Google Is Going HTTPS. Should You?

by Ed Tsunoda on August 24, 2014

Google has been making a lot of noise recently about how it has added whether or not a site is “secure” https versus http as a factor in it’s search results algorithm. Does this mean you should switch all your sites to https? Not according to this article at which reiterates that if you’re taking user data input, you should already be running https, and if you aren’t there still isn’t any reason to.

HTTPS only protects against a very limited number of site vulnerabilities, specifically wiretapping and man-in-the-middle type attacks – in other words, spying. It makes the NSA’s job of tracking and spying on internet users more difficult, but it doesn’t protect against hackers, denial-of-service attacks and scripting, server or database exploits.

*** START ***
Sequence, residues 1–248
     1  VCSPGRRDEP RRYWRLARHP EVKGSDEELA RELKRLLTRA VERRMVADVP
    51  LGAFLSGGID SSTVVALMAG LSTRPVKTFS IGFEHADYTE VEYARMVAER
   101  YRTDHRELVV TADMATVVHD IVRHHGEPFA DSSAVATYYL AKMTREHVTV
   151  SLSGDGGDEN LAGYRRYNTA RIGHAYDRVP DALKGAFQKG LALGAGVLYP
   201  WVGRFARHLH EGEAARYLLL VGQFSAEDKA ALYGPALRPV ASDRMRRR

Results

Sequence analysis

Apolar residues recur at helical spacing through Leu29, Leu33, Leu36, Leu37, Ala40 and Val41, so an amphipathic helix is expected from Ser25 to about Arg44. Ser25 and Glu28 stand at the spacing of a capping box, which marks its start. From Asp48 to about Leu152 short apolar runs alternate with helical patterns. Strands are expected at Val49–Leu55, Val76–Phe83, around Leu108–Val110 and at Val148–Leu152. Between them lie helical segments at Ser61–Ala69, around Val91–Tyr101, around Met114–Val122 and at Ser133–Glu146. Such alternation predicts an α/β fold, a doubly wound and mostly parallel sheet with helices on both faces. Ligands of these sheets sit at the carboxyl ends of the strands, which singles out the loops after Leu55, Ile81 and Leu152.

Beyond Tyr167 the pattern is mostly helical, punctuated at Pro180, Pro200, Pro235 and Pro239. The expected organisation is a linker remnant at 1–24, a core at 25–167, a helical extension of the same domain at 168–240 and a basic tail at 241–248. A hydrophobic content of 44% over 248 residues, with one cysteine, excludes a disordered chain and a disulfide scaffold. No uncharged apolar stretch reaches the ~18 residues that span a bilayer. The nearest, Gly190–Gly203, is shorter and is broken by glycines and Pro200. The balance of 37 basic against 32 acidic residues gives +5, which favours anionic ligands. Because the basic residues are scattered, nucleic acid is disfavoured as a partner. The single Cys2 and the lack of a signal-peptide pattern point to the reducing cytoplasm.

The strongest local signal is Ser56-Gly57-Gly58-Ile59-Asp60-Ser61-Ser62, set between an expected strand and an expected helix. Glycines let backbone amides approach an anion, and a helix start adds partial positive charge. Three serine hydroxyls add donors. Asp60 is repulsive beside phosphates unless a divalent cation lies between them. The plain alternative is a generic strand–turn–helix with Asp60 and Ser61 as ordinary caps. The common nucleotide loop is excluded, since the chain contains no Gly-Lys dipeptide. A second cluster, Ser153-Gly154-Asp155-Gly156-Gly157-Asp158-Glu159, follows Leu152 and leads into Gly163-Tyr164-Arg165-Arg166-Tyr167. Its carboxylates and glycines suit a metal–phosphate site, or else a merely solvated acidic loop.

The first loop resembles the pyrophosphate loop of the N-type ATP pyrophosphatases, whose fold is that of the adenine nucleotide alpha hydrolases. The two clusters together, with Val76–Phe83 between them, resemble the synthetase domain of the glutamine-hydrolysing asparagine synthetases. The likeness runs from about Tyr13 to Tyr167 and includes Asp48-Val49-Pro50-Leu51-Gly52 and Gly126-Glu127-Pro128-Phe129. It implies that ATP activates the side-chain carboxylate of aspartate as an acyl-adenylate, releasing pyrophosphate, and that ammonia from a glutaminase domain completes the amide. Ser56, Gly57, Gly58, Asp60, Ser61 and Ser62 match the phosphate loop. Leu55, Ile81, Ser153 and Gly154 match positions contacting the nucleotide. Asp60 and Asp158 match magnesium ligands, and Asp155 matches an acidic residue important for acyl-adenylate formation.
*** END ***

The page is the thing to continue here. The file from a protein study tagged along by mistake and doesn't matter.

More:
Essentially, HTTPS is useful for sites that collect and transmit personal information. Banks, e-commerce sites, even social networks need to have HTTPS in place to make sure consumers’ sensitive information is protected.

For all the blogs, news sites, brand brochure-type sites or any information site that doesn’t require a member login, HTTPS is useless. It’s like the post office telling you to that all your mail needs to be written in secret code. That’s fine for the military, but do your Christmas greeting cards really need to be written in unbreakable secret code? Probably not. It’s just as pointless to require HTTPS on sites that do not transfer sensitive information.



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